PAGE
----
Newcastle Theatre Royal – until Saturday 16 September 2023
Anyone who has ever worked in a theatre will tell you there is often more drama off stage than on. But this is what inspired Michael Frayn to write Noises Off. And thank goodness he did, this knicker-wettingly funny romp is an absolute masterclass in comedy timing and acting.
But we have to start this review with Simon Higlett’s outstanding set. In the first act its the stage view of a beautiful country house, full of different doors, a staircase, and wide windows looking out over a beautiful garden. In the second act, its reversed to see the back of the set, still full of doors but with emergency steps to get the cast up and down, the props by the various doors and the normal backstage things – a prompt desk, dressing rooms, uncomfortable chairs for the cast to wait. When the set is turned back full circle in the last act to the front of stage view again, you can marvel at just how versatile the set is. Together with Paul Pyants lighting and Gregory Clarkes sound, the set deserves a star billing all of its own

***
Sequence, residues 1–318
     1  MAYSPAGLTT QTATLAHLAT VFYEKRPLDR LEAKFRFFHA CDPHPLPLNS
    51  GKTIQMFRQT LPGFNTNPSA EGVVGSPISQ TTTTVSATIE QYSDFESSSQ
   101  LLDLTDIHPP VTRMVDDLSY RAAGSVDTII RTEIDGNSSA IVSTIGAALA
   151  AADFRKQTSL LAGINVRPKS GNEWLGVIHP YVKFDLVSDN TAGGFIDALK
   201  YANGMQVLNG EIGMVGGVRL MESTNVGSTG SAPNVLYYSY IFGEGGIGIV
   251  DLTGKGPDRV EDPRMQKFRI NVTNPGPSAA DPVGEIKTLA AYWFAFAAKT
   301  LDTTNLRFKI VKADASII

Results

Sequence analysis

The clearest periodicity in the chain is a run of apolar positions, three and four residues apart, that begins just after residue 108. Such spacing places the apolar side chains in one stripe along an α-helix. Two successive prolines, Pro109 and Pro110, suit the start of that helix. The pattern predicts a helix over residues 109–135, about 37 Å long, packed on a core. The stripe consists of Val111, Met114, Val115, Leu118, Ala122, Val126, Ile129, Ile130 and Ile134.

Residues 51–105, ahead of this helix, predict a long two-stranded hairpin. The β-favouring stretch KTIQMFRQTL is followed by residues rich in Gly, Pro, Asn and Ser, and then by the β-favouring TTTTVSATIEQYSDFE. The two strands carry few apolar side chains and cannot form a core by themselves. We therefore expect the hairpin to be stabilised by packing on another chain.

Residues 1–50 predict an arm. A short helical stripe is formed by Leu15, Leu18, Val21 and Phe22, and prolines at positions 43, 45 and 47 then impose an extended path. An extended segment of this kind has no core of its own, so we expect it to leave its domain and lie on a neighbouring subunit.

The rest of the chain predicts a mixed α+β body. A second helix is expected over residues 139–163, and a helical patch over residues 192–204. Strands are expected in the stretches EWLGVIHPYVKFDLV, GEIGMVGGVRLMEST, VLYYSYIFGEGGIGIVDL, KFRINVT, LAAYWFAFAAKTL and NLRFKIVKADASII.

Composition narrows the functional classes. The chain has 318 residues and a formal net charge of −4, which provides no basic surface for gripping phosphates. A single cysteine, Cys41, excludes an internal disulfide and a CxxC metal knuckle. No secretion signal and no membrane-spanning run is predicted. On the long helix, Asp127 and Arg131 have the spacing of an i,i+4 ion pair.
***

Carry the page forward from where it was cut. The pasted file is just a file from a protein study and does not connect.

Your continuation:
A play within a play, Noises Off follows the cast of the play “Nothing On” over its 12 weeks on the road. Liza Goddard is Dotty Otley who plays Mrs Clackett the housekeeper. An actress of some standing, this is her last tour and her nest egg. At the start of the tour in Weston Super Mare, she is in a relationship with fellow actor Garry Lejeune (Dan Fredenburgh ) who plays Roger Tramplemain, an estate agent. Roger is having an affair with Vicki, who works for the Inland Revenue. Vicki is played by Brooke Ashton (Lisa Ambalavanar), and Brooke is having an affair with director Lloyd Dallas (Simon Shepherd). However, Lloyd is also seeing stage manager Poppy (Nikhita Lesler). Eternally happy Belinda Blair (Lucy Robinson) plays Flavia Brent, the owner of the house who is supposed to be resident in Spain with husband Philip (Simon Coates), an author played by Frederick Fellows whose wife left him the day before the show started. Add in Selsdon Mowbray (Matthew Kelly) who is constantly drunk and misses cues and Tim (Daniel Rainford), the stage hand who put the entire set together and also has to cover all the main roles. Confused? Don’t worry, it all makes perfect if not hysterical sense.
The farce “Nothing On”, is very much a whoops-there-go-my-trousers farce, but it’s the scenes backstage in act two that bring Noises Off to life. I love a laugh out loud comedy, especially one that brings the laughs so fast, you struggle for breath.
At over 40 years old, this classic is well worth a watch. In Newcastle until Saturday and on tour around the UK. You’ll regret it if you miss it